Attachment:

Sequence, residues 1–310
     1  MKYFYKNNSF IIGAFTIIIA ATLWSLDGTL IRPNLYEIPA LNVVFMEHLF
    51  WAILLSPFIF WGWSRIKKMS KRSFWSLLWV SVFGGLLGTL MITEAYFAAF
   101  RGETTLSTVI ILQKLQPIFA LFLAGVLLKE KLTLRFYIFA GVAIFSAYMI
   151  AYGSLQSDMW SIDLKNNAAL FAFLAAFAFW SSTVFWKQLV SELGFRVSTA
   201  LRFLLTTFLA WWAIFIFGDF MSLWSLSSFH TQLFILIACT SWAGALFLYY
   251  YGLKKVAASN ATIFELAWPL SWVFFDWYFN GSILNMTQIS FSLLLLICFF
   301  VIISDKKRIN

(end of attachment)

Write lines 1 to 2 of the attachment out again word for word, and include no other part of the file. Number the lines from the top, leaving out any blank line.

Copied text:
Sequence, residues 1–310
     1  MKYFYKNNSF IIGAFTIIIA ATLWSLDGTL IRPNLYEIPA LNVVFMEHLF